Job Satisfaction and Work-Family Conflict

The concept of work-family conflict could be described as a situation when a person faces difficulties with maintaining a balance between career and family life. These difficulties result from the inability to combine family responsibilities and work duties. For example, in the developed countries, women often have to work and take care of children simultaneously. The latter activity is usually time-consuming and requires a lot of energy and; hence, for a woman, it becomes challenging to be a mother and work simultaneously. In the present study, job satisfaction is an independent variable, and the frequency of work-family conflict is a dependent one.

There are numerous studies dedicated to the discussion of the presented topic. A lot of scholars agree that job satisfaction is closely related to work-family conflict (Boles, Howard, & Donofrio, 2001; Grandey, Cordeiro, & Crouter, 2005; Buonocore & Russo, 2013). Bruck, Allen, and Spector (2002) argue that work-family conflict is usually driven by behavior-based conflict. This means that behavior that a person practices at work is unsuitable at home and, consequently, a conflict arises. Adams, King, and King (1996) note that a work-family conflict is lower when the family members show more show care and support. At the same time, Beutell and Wittig-Berman (1999) argue that job involvement, not job satisfaction, leads to conflict between family and work.

The first hypothesis of the current survey is that the higher job satisfaction is, the higher the probability of an unsurmountable work-family conflict. The second hypothesis is that spouses with high job satisfaction are more likely to divorce than spouses with low job satisfaction. The third hypothesis is that women face work-family conflict more frequently than men, and, for women, this conflict does not relate to the extent of job satisfaction.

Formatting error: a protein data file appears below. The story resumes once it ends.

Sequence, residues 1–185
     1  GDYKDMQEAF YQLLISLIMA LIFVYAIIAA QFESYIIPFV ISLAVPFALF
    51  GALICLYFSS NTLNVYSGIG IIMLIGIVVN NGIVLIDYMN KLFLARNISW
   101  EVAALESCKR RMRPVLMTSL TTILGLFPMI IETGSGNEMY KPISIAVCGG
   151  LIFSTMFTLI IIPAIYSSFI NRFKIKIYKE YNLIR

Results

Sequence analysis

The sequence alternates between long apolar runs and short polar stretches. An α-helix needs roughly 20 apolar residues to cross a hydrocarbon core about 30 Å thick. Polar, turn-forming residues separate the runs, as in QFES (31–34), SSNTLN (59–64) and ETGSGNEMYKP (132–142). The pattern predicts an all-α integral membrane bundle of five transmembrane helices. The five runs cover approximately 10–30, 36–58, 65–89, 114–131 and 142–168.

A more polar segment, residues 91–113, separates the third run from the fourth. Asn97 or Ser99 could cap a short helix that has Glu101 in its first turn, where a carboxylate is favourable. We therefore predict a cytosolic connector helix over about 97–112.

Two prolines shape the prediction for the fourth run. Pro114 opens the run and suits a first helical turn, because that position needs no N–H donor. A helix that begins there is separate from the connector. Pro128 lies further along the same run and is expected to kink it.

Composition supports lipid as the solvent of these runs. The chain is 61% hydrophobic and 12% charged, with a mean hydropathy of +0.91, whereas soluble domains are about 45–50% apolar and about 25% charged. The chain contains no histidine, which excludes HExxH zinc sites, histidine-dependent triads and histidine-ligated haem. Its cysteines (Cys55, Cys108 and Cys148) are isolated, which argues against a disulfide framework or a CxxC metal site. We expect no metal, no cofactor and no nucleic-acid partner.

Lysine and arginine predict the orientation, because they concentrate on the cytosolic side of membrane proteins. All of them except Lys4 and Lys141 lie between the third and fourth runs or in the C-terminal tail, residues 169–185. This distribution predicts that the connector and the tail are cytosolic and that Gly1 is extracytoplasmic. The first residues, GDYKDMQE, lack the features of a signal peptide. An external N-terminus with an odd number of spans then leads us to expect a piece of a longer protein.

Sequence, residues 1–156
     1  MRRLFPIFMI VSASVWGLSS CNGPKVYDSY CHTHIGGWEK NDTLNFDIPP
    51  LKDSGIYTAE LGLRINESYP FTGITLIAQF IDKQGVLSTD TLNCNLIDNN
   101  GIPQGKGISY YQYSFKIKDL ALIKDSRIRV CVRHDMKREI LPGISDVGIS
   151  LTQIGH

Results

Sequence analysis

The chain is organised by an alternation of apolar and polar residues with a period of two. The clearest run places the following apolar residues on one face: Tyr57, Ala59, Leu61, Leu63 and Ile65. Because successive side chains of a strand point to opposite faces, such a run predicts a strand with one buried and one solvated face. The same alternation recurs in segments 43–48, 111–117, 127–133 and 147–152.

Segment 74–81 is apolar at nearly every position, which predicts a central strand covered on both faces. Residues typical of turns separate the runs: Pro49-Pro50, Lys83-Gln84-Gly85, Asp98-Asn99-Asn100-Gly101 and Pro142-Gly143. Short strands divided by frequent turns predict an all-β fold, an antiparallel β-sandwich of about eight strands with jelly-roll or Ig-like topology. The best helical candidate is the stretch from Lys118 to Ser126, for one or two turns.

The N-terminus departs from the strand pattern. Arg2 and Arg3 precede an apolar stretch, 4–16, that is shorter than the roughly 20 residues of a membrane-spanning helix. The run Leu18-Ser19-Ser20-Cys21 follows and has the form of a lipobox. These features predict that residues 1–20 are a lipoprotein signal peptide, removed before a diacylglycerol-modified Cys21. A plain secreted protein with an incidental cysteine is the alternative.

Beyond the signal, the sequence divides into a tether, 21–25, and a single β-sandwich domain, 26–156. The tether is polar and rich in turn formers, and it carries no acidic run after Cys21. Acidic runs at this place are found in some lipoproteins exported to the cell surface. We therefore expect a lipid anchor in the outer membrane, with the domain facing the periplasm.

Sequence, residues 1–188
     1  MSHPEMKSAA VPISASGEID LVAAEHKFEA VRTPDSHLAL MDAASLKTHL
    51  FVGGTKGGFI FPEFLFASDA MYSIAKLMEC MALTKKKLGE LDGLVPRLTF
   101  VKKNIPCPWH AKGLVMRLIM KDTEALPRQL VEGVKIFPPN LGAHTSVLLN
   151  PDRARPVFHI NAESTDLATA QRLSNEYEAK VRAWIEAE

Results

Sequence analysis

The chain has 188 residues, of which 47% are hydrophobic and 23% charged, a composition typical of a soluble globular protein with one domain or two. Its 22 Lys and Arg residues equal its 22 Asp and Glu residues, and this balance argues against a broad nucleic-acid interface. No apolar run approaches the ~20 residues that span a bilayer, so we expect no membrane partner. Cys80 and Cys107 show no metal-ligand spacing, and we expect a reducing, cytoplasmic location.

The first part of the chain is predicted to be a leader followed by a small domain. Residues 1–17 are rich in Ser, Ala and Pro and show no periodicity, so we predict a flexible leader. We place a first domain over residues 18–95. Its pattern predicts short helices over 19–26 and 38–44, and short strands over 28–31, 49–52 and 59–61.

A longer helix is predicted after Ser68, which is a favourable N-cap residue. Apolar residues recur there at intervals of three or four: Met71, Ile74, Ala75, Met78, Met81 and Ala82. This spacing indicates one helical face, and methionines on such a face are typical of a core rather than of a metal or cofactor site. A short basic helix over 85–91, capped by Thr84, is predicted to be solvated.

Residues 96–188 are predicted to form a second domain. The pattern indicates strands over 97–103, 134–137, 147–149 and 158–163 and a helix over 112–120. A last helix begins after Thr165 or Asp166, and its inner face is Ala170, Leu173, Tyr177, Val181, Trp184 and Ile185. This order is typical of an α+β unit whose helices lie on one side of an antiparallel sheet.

Adams, G. A., King, L. A., & King, D. W. (1996). Relationships of job and family involvement, family social support, and work–family conflict with job and life satisfaction. Journal of applied psychology, 81(4), 411-420. Web.

Beutell, N. J., & Wittig-Berman, U. (1999). Predictors of work-family conflict and satisfaction with family, job, career, and life. Psychological Reports, 85(3), 893-903.

Boles, J. S., Howard, W. G., & Donofrio, H. H. (2001). An investigation into the inter-relationships of work-family conflict, family-work conflict and work satisfaction. Journal of managerial issues, 376-390.

Bruck, C. S., Allen, T. D., & Spector, P. E. (2002). The relation between work–family conflict and job satisfaction: A finer-grained analysis. Journal of vocational behavior, 60(3), 336-353. Web.

Buonocore, F., & Russo, M. (2013). Reducing the effects of work–family conflict on job satisfaction: the kind of commitment matters. Human Resource Management Journal, 23(1), 91-108. Web.

Grandey, A., Cordeiro, B., & Crouter, A. (2005). A longitudinal and multi‐source test of the work–family conflict and job satisfaction relationship. Journal of occupational and Organizational Psychology, 78(3), 305-323. Web.

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